A: Formally, I was trained in the art of tenor saxophone in school. As I picked up on music theory, white and black piano keys made sense to me. That translated into harmony and tension and all of the other things that make music interesting. The neck of my guitar went from a puzzle to a map. It’s best to know what you’re doing on some level, but maybe not too much. Too much technique kills the soul.

Q: What is unique about your sound?

A: Just subtle structural things that I don’t realize that I’m doing. I’m too close to it to see it, but if I tried my hand at a waltz there would be something in it that people would recognize as one of my fingerprints. That’s what I’m told, but I don’t hear it. It’s like trying to analyze your own handwriting, I think.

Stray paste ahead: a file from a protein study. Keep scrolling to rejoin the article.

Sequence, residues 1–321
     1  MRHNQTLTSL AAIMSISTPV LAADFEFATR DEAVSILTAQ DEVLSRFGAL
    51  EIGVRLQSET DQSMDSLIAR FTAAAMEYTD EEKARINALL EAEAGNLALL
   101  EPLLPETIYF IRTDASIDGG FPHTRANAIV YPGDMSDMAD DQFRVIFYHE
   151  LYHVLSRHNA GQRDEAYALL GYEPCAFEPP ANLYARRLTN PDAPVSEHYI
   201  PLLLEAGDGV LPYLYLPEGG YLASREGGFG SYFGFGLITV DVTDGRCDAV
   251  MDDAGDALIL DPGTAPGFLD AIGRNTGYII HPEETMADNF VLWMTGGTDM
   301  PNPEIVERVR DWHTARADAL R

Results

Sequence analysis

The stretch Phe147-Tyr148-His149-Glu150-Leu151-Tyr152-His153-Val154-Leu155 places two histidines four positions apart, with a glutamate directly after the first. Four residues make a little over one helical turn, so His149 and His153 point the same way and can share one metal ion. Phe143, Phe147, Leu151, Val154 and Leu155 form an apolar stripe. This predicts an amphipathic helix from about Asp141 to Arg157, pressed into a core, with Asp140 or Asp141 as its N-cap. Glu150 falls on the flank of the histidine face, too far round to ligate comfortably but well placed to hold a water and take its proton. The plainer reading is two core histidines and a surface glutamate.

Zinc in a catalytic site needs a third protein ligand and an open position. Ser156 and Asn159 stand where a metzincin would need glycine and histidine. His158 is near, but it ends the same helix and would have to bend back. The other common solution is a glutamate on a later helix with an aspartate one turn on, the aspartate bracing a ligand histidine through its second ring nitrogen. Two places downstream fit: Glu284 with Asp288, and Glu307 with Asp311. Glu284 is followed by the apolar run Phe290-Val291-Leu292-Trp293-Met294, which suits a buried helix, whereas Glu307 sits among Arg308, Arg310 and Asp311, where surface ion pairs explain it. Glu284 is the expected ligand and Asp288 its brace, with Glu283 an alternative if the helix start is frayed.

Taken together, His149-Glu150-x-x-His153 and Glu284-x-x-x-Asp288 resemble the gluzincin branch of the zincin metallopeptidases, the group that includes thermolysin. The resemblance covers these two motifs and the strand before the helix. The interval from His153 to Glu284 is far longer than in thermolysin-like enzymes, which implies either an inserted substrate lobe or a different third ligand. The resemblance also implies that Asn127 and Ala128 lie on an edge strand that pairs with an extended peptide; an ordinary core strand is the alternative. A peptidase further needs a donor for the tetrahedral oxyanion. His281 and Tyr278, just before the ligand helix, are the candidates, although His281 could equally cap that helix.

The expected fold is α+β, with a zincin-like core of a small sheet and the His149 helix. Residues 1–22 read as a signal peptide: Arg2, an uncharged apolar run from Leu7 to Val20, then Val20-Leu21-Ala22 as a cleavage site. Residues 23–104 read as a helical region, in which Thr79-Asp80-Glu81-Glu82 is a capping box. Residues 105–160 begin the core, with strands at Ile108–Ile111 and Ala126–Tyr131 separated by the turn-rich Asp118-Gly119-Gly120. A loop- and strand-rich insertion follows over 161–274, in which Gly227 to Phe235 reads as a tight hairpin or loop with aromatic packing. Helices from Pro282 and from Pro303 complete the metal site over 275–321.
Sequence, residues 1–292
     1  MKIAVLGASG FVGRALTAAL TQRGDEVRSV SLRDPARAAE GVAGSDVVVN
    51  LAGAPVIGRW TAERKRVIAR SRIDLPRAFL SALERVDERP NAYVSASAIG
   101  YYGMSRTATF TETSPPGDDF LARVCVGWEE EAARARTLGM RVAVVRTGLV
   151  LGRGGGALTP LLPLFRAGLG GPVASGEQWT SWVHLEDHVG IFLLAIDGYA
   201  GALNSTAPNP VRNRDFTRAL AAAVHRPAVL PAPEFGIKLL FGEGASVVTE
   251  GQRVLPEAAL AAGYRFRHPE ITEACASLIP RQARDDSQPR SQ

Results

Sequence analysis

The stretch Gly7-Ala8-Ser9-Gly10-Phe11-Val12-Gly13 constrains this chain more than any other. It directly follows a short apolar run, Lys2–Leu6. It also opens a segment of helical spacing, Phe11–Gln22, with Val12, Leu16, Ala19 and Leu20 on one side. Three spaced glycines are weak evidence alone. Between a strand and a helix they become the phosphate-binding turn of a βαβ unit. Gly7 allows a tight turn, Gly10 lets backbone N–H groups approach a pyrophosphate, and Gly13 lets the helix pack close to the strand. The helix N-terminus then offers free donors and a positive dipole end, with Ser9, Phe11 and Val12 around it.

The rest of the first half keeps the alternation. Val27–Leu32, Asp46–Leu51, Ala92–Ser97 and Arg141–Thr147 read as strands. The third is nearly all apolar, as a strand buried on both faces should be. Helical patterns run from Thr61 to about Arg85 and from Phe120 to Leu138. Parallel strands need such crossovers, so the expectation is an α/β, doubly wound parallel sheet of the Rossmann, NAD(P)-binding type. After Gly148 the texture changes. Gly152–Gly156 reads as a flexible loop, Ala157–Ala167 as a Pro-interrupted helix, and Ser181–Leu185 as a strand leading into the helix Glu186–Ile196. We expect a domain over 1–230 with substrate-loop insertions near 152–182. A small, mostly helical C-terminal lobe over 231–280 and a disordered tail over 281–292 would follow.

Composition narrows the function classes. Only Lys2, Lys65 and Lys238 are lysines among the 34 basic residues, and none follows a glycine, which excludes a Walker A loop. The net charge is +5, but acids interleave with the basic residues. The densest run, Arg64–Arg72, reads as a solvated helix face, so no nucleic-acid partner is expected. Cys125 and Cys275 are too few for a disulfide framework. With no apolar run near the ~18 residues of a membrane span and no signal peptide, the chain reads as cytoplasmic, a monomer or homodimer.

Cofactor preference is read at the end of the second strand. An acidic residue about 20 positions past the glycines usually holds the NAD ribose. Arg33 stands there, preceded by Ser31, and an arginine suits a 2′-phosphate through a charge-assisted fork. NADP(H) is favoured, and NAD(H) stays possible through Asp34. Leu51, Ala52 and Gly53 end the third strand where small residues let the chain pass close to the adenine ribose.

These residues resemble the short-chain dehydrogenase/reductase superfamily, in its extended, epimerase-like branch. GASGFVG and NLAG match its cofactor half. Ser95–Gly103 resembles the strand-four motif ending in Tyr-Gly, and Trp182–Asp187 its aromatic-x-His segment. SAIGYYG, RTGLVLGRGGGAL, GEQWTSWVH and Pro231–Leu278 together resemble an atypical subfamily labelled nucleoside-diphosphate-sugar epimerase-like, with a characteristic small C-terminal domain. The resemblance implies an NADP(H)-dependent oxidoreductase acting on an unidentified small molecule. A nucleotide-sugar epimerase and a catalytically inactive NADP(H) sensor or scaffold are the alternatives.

Q: What kinds of things inspire you to write music?

A: The human condition, black and white films and mathematics and being someplace where there’s too much silence. In a crowded room, I’ll map out a busy horn section in my head and try to duplicate that level of dissonance. It’s a way of painting the world as you see it in a different dimension.

Q:  What has been the most effective thing you have done to promote yourself?

A: I took the final version of my Midnight Animal EP and dropped it in the lap of Shelby Cinca, the head of Swedish Columbia records. I hope every other artist on the label recognizes how hard he works to make us look good. Shelby is a wizard at promotion. It’s fun to see him come up with an idea and get so excited about it that you can’t follow his train of thought. Brilliant guy. Every artist needs a Shelby.

Q: Who are some of your musical influences?